5. Which of my activities could impact on privacy and how can I avoid infringing privacy?


Depending on your activities, location, drone payloads and the data you collect, your professional drone use can impact privacy rights in various ways. Your professional drone use can also trigger the application of data protection law.

The following will assist you in understanding how your use of drones could affect people’s privacy.

  • If people are captured in any images or footage you collect, this could harm aspects of their privacy. This is also true if you collect images through infrared or thermal technology! This could harm a person’s:

    • Bodily privacy - People have the right to keep aspects of their person and of their body private.
    • Privacy of data and image - People have the right to control who has their data or their images and whether, how and why they can use them.
  • Targeting a person or capturing them for continuous periods of time–Capturing a single person/ specific group of persons for a prolonged period of time or if you target them specifically will raise privacy concerns.  

    Do not target, monitor and observe a person for prolonged periods of time without their knowledge and agreement, for example, by using a zoom lens or a directional microphone. This applies to both public and private spaces. Otherwise, you risk threatening a person’s:

    • Privacy of location and space - People have the right to move freely without being identified, tracked or monitored. This applies both to people’s homes and some public spaces where they expect some privacy.
    • Privacy of behaviour and action– People have the right to act freely both in public and in private without their actions being monitored or controlled by others.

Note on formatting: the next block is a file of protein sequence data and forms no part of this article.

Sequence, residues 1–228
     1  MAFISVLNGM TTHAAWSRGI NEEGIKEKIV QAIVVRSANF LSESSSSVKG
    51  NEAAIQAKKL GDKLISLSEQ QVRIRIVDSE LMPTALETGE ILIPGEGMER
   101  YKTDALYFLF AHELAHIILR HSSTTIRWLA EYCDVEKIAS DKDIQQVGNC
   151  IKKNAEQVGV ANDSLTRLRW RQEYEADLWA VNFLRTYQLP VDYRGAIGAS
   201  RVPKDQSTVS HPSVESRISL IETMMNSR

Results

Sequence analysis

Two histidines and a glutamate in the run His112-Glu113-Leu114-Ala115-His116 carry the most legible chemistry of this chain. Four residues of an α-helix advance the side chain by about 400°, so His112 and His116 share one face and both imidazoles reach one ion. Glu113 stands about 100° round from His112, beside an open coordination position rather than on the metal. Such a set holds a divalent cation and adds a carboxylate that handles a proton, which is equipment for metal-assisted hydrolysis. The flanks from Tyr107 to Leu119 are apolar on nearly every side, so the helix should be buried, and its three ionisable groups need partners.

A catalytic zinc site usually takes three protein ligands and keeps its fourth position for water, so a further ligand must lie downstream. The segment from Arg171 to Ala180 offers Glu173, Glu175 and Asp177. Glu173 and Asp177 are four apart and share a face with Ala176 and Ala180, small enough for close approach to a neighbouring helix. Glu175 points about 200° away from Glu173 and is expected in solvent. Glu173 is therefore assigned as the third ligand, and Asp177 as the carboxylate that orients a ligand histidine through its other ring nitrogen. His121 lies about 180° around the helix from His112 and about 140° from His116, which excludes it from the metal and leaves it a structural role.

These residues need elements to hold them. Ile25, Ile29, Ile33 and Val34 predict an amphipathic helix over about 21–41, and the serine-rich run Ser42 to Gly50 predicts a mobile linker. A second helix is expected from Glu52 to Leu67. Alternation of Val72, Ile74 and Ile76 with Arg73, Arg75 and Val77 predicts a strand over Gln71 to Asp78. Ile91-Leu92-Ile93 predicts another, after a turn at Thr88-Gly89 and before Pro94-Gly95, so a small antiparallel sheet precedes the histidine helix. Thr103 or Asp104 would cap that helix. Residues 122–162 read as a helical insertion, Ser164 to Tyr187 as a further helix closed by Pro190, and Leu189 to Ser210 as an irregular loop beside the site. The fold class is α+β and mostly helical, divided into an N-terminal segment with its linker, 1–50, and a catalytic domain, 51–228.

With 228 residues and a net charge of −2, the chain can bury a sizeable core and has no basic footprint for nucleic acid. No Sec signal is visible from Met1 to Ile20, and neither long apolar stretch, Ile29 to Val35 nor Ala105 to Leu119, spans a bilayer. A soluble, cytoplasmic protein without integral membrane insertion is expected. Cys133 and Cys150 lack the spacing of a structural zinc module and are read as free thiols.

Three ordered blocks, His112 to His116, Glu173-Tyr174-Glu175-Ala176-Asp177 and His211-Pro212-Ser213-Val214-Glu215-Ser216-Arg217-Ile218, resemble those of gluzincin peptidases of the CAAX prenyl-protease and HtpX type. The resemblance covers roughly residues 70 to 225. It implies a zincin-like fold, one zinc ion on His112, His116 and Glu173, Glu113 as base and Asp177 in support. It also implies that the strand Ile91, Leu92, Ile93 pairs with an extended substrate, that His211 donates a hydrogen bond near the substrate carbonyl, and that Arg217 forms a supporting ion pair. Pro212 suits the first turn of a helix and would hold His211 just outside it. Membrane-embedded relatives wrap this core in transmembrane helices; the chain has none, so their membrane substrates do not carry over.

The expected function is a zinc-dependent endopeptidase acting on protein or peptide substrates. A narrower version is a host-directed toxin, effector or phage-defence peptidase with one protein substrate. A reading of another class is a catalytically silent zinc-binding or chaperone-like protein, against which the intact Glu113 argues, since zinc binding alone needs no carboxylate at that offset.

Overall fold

• In particular circumstances, information which you happen to collect could make it possible to learn more about a person than simply their appearance or location. That could be, for example, if you capture images of religious buildings, political party establishments, or trade union offices. Assumptions can be made regarding a person captured walking in or out of such a building.  

    Another issue could arise if your drone is used to transport communication between people in some way - via wireless networks or by delivering postal packages.  

    In these cases, you could threaten the following types of privacy:  

    • Privacy of thoughts and feelings - People have the right not to share their thoughts or feelings or to have them revealed. This includes their beliefs and opinions.
    • Privacy of association - People have the right to associate with whomever they wish without being monitored. This includes meeting and interacting, as well as being part of a larger ethnic, religious or political group.
    • Privacy of personal communication - People have the right to communicate in secret with whomever they wish. Accessing, recording or intercepting their communication without their consent or another legal requirement is not allowed.